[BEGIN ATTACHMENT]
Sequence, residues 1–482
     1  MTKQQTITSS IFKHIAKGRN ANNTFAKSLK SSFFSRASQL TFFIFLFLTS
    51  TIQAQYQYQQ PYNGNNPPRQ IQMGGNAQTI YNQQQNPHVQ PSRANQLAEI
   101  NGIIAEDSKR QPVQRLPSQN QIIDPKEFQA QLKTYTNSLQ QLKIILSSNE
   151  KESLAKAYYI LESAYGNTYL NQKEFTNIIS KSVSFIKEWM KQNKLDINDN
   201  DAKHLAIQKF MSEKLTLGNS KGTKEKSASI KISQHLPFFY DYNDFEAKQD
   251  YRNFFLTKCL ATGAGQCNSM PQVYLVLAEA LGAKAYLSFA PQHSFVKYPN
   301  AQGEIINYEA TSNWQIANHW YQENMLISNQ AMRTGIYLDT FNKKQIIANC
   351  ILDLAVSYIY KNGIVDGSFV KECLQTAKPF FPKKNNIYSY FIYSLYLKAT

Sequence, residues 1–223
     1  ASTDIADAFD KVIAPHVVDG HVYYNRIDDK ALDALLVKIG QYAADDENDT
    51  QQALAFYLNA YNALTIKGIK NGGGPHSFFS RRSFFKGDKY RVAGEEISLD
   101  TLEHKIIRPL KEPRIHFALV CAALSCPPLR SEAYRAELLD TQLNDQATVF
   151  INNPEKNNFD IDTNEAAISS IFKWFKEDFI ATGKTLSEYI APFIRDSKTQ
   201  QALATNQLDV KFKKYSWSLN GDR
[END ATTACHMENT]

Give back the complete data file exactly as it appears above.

Sequence, residues 1–482
     1  MTKQQTITSS IFKHIAKGRN ANNTFAKSLK SSFFSRASQL TFFIFLFLTS
    51  TIQAQYQYQQ PYNGNNPPRQ IQMGGNAQTI YNQQQNPHVQ PSRANQLAEI
   101  NGIIAEDSKR QPVQRLPSQN QIIDPKEFQA QLKTYTNSLQ QLKIILSSNE
   151  KESLAKAYYI LESAYGNTYL NQKEFTNIIS KSVSFIKEWM KQNKLDINDN
   201  DAKHLAIQKF MSEKLTLGNS KGTKEKSASI KISQHLPFFY DYNDFEAKQD
   251  YRNFFLTKCL ATGAGQCNSM PQVYLVLAEA LGAKAYLSFA PQHSFVKYPN
   301  AQGEIINYEA TSNWQIANHW YQENMLISNQ AMRTGIYLDT FNKKQIIANC
   351  ILDLAVSYIY KNGIVDGSFV KECLQTAKPF FPKKNNIYSY FIYSLYLKAT

Sequence, residues 1–223
     1  ASTDIADAFD KVIAPHVVDG HVYYNRIDDK ALDALLVKIG QYAADDENDT
    51  QQALAFYLNA YNALTIKGIK NGGGPHSFFS RRSFFKGDKY RVAGEEISLD
   101  TLEHKIIRPL KEPRIHFALV CAALSCPPLR SEAYRAELLD TQLNDQATVF
   151  INNPEKNNFD IDTNEAAISS IFKWFKEDFI ATGKTLSEYI APFIRDSKTQ
   201  QALATNQLDV KFKKYSWSLN GDR